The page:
Owning an auto dealership can be lucrative. Millions of consumers purchase a new or used vehicle every year, and local dealerships are where they turn for help in making their buying decisions.
However, there are expenses that auto dealers incur. Needing a surety bond is one of them.
A dealer is required to have a surety bond to do business in the state where the dealership is located.
The bond comes at a cost, typically ranging from 1% to 10% of the bond amount. Although some industry professionals compare a surety bond to insurance, these tools work independently of one another.
Unlike business insurance, a surety bond is meant to provide protection to the public and an auto dealer’s customers against fraud and corrupt business practices. Because of this structure, successful claims against an auto dealer bond can wreak havoc on the profitability and sustainability of a licensed auto dealer.
Surety bonds are a contract between the surety company providing the bond, the auto dealership as the principal. When a customer successfully files a claim against a dealer’s bond, the surety company pays for the claim on behalf of the dealership.
However, the dealer is required to repay that claim amount. Think of the bond as a form of extended credit.
Because of this, a valid claim against a bond costs the auto dealer money. Claim amounts can vary, but significant payments by the surety company ultimately fall on the shoulders of the auto dealer. Multiple claims, large or small, add up to a substantial financial burden to auto dealers.
Getting a New Bond May Cost More
In addition to paying for successful claims, dealers may then also face challenges in getting a new bond in the future. As part of the licensing process for starting or maintaining a dealership, auto dealers must acquire a bond and ensure it is renewed each year. The renewal process involves taking a close look at factors that drive bond costs, including:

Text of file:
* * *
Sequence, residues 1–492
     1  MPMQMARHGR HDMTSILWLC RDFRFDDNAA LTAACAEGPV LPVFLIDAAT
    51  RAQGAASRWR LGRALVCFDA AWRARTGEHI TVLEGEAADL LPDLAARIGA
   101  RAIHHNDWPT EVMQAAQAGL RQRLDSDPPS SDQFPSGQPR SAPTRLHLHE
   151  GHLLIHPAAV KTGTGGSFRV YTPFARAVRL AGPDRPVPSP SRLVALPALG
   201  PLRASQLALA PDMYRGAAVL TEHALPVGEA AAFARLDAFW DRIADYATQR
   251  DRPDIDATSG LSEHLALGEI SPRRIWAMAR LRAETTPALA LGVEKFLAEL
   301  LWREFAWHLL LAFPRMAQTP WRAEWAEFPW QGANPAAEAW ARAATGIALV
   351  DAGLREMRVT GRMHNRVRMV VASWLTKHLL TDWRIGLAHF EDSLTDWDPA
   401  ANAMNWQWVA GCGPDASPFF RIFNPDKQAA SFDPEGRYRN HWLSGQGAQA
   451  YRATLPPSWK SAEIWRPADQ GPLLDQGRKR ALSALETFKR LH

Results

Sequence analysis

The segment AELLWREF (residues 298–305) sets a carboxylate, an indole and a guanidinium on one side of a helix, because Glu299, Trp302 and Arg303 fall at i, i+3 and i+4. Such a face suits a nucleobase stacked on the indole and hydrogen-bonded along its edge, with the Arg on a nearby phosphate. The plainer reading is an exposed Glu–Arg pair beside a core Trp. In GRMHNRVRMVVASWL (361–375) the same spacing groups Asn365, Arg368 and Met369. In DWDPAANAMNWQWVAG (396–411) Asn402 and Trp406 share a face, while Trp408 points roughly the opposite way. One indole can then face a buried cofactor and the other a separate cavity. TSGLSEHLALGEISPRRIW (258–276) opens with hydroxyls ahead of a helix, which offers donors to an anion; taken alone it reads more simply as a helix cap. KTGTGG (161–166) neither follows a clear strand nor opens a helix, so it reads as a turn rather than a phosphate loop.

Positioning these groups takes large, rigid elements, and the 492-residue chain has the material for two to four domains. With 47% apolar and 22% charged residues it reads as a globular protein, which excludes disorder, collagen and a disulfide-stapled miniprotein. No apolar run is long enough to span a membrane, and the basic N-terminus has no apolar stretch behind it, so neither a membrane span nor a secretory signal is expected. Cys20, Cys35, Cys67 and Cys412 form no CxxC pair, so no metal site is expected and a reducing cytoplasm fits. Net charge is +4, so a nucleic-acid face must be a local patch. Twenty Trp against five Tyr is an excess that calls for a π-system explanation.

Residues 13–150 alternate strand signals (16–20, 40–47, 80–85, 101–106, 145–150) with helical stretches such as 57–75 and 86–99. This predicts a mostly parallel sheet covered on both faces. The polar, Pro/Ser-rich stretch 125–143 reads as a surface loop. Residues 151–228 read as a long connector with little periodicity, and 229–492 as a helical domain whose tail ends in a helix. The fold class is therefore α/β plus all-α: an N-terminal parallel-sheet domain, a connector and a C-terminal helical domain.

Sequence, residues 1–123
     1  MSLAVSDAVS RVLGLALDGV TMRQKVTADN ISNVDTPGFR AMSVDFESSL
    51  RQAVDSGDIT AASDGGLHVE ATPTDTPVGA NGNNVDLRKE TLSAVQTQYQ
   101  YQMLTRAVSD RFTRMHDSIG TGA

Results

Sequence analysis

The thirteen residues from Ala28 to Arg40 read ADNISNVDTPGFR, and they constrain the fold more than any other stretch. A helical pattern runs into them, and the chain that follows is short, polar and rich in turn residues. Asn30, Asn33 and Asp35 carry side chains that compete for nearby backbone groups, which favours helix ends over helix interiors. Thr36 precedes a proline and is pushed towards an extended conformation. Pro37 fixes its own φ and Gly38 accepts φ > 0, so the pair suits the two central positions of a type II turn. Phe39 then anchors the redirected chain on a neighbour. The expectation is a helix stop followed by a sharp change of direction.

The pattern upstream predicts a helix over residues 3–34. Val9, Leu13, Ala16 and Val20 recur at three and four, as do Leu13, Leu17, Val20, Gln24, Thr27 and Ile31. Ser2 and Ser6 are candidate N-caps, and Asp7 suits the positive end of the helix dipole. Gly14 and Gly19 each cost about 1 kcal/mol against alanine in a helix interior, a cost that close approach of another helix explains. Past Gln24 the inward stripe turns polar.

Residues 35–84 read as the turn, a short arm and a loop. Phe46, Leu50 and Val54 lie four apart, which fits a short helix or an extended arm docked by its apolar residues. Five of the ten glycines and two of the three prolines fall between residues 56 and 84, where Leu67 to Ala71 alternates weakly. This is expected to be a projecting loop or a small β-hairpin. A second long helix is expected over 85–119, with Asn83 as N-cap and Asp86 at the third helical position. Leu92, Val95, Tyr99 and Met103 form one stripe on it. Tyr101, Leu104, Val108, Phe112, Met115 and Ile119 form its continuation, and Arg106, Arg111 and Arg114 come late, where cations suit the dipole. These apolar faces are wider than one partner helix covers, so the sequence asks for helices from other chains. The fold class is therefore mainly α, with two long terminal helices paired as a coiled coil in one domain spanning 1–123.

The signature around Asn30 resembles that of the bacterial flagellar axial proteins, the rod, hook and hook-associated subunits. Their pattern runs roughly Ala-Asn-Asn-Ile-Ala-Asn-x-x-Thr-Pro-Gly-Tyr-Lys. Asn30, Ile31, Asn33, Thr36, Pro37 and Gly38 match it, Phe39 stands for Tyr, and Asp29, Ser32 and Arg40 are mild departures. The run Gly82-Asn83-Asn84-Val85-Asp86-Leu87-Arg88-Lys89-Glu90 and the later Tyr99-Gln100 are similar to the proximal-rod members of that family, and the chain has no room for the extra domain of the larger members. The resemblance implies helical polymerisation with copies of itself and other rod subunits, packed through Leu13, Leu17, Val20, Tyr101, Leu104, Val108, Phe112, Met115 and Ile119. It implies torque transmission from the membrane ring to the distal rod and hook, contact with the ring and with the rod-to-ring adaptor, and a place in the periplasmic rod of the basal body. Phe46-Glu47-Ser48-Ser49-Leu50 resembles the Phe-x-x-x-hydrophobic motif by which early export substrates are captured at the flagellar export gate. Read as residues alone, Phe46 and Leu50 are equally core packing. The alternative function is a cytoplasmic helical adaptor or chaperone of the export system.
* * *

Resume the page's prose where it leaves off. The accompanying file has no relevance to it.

•Personal credit history
•Past claims track record
If any of these aspects of an auto dealership are less than ideal, the cost of a new or renewed bond will be higher.
A Reputation Hit
Most importantly, claims against an auto dealer bond can create a reputation problem. A claim means a customer felt as though their business transaction in either buying or selling a vehicle did not meet industry standards, or it was fraudulent in some way.
Multiple claims against a surety bond may indicate the dealership is not operating in a correct manner. This ultimately leads to customers going elsewhere. Over time, fewer customers means less profit, and that can result in a dealership closing its doors for good.
How to Avoid Claims
Dealerships should work diligently to avoid claims against their surety bonds whenever possible. This does not mean ignoring customer complaints, however. Instead, licensed dealerships should work with their surety bond company to resolve a potential claim as best as possible.
A strong surety company offers support not only in obtaining a bond but also in managing the claims process to keep both the claim amount down and the customer satisfied.
Dealers should also communicate effectively with potential and current customers, providing detailed information about transactions. Communication comes into play when explaining financing, features of the vehicle being sold or warranties that may be offered. (Wards Industry Voices contributor Eric Weisbrot, left)
Providing this clear, detailed information from the start with every customer can stymie claims and help keep the dealership profitable.
Eric Weisbrot is the chief marketing officer of JW Surety Bonds.